From the bottom of my heart I would like to thank each and every one of you for all the pluses, likes, comments, and shares. Your continued support means more to me than I can express and you have all helped make 2012 truly wonderful. Cheers to 2012 and may 2013 take each of you closer to your dreams.
2012 | A truly remarkable year
After visiting 22 Countries and 55 Cities, I can honestly say that 2012 has been the most incredible year of my life. This was also the year that my wife, Naomi, and I finally realized our dream of becoming completely location independent. And while our journey hasn’t always been easy, our experiences in 2012 have left us forever changed. From the good, to the bad, to the truly strange and fantastically amazing, I wouldn’t change a single thing. Well, except for having food poisoning in Barcelona… I could have done without that. 😉
This post is a collection of my favorite moments, my favorite photos, and my favorite memories from 2012.
2012 has been a wild, jet lagged ride to say the least and since we’ve become location independent, we’ve actually flown much less – mostly due to the lack of return tickets. Saying that though, we’ve still managed to fly 172,000 miles and log more than 364 hours sitting on airplanes. So when the flight attendant asks, “Can I get you something to drink?” I say, “Make it a double!”
Miles Flown: 172,093
Hours on an Airplane: 364
Flights Taken: 81
Countries Visited: 22
Cities Visited: 55
We kicked off the year with a quick (and restful) trip to Buenos Aires, Argentina where we spent a few days wandering around the city. Instead of making photography the goal of the trip, I took a break and did some touristy things instead.
In January I also had a chance to visit Panama City for a few days of shooting. One of my not so favorite moments of 2012 was driving around completely lost in Panama City at 2AM in the worst part of town. Thankfully our rental car didn’t look too flashy and we made it safely to our hotel.
In February, Naomi and I spent 10 days in Dubai, UAE while we revamped blamethemonkey.com into version 2.0. I also had the chance to meet up with my friend ,and fellow photographer, Daniel Cheong. One evening we drove out to shoot the uniquely designed Meydan Bridge. I also dedicated some time during this visit to capturing an incredible metro station. Security doesn’t allow the use of tripods in the metro stations so I had to shoot it hand held. It took two nights to get it right but it was worth the effort.
After returning from Dubai, I also took a whirlwind trip to Singapore with a good buddy of mine and it was love at first sight. (I mean with Singapore of course, not my friend Matt). We spent two nights scouting and shooting the Marina Bay Sands laser show and had a late night adventure with fellow photographer, Victor Marz. Since then we’ve become good friends and have had many more late night adventures.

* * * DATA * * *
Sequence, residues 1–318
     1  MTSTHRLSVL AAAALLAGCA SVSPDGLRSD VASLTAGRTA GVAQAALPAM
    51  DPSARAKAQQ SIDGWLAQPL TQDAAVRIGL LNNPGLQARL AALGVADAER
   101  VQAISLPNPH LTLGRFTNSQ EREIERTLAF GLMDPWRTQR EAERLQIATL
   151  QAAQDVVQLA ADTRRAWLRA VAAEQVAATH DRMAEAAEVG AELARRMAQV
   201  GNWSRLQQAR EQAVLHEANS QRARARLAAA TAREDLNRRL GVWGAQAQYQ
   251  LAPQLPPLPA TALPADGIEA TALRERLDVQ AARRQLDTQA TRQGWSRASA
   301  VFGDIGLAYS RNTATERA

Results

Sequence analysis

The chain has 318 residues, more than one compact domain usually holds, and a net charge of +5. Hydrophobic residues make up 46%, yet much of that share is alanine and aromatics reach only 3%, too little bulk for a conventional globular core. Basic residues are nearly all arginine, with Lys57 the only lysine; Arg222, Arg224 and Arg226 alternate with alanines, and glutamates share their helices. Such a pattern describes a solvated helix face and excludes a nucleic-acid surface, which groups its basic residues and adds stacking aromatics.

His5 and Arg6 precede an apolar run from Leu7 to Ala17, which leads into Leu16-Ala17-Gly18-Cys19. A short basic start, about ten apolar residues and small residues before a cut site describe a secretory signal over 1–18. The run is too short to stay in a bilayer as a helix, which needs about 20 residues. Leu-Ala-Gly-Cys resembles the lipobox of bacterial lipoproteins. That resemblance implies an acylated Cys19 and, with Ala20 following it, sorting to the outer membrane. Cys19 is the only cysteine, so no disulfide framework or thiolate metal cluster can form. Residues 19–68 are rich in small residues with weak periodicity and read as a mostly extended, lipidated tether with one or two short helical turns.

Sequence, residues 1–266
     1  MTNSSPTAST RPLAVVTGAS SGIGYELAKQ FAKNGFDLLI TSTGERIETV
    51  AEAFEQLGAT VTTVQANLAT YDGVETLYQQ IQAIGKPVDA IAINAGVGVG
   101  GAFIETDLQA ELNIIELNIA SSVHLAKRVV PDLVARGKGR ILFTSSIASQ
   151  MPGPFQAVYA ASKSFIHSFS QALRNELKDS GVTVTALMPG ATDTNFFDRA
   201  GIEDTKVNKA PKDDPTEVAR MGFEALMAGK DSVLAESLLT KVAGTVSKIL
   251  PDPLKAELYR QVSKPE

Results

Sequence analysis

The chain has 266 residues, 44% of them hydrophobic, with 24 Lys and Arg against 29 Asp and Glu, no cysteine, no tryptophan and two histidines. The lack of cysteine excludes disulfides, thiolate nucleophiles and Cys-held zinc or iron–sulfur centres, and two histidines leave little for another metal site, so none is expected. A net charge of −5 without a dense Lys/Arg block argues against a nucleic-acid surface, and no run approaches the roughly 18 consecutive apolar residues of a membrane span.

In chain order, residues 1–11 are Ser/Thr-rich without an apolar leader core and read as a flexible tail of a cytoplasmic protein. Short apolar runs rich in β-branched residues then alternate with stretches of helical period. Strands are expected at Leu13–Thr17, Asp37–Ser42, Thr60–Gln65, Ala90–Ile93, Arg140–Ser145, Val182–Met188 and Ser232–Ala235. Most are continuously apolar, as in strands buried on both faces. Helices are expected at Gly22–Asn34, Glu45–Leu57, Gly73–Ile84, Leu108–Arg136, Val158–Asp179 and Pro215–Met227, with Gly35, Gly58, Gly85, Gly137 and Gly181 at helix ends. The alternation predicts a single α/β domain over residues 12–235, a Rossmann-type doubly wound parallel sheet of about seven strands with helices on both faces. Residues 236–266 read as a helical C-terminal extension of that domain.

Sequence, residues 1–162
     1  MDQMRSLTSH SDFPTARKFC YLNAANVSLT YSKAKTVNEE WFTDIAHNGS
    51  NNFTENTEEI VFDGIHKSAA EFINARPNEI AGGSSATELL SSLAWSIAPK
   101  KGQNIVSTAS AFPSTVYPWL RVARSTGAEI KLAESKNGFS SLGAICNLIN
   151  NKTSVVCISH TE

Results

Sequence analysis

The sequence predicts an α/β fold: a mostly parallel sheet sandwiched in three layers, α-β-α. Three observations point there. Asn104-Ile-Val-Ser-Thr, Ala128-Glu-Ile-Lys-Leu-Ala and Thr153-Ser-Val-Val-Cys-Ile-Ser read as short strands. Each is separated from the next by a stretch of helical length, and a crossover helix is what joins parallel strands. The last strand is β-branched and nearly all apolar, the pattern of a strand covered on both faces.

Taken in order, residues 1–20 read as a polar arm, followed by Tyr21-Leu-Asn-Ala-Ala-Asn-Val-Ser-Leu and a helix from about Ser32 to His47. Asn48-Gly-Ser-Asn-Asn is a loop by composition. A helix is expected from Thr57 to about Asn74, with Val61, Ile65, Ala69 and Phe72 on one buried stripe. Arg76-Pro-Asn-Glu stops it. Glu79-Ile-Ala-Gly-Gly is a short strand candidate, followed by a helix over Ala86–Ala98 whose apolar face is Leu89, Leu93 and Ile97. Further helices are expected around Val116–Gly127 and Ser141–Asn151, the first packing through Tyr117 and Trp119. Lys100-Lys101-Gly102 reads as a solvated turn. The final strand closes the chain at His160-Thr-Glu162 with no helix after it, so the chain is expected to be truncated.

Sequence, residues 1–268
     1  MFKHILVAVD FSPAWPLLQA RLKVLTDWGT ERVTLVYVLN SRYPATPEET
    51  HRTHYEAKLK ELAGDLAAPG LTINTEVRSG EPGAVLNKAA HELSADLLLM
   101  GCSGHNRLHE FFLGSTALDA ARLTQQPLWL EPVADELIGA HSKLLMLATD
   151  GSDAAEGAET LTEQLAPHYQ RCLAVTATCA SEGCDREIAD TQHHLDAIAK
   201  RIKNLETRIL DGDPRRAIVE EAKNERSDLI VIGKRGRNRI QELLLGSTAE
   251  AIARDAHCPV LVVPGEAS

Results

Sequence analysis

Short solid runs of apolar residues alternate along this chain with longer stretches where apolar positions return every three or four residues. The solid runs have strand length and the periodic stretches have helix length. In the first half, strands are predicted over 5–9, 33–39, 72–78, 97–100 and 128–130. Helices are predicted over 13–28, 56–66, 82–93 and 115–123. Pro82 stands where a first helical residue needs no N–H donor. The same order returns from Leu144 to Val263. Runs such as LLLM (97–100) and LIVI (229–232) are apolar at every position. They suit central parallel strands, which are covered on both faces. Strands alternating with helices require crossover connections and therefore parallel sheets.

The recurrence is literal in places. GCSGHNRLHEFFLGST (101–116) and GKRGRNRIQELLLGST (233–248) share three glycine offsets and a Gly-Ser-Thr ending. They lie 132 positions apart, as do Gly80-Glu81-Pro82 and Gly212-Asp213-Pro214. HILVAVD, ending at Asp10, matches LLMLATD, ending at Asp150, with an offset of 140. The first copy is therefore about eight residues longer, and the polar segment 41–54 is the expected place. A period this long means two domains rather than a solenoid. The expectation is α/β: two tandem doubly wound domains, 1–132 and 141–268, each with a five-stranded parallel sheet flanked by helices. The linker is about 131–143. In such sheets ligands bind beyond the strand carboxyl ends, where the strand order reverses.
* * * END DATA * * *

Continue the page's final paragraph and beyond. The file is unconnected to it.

March is really when everything changed. After spending 5 long months selling and getting rid of nearly everything we owned, Naomi and I were finally ready to step onto a plane and say goodbye to our old lives. Clearing house, wrapping things up, and tying up loose ends was a 3 day marathon of zero sleep and incredibly high stress. It was down to the wire and we barely made it onto our flight before they closed the boarding door. We received First Class upgrades at the gate and the flight attendant on board asked, “Can I get you anything to drink before we take off?” I said, “Yes please. Vodka – lots of it.”
In the final moments, I snapped an iPhone photo of what I called my “last hold out” – my laptop sitting on top of a cardboard box desk. As I left the apartment, the laptop went into my bag and the cardboard went into the garbage. Our “sell all” adventure was finally complete. Words can’t begin to express the feeling of relief when we stepped onto that plane to begin the next chapter of our lives.
Our very first stop was Sydney, Australia. Here we rented a room from a nice elderly woman in the Millers Point area, which made a great base location to photograph the Sydney Opera House.
After 3 early mornings waiting for the right light, the sun finally broke through the clouds and produced the sunrise I was hoping to capture. Needless to say that on the 4th morning, I slept in.
After Sydney, we flew to Singapore where I met up with with The Landscape Hunters for the first time – an extremely talented group of photographers. On one of my first nights in town, a few of us went to shoot the laser show from this awesome vantage point.
Since there were some patchy thunderstorms, we all took shelter under the bridge for a Q&A session. After that, the rain cleared up and we set out to shoot the 2012 iLight Marina Bay Festival.
After the Photo Walk, a few of us went out to eat at Lau Pa Sat – a big street market filled with food vendors. I highly recommend it to any travellers visiting Singapore.
In April we spent the entire month in China, first visiting Shanghai and the nearby water village of Tongli, followed by Beijing before flying down to Hong Kong.
This was my second visit to Shanghai and I got lucky with a very clear night on the Bund. While I was shooting there, quite a few people asked if they could take a photo with me, something that happened to me often while we were in China (really not sure why). These two girls were flattered when afterwards, I asked for a photo with them as well.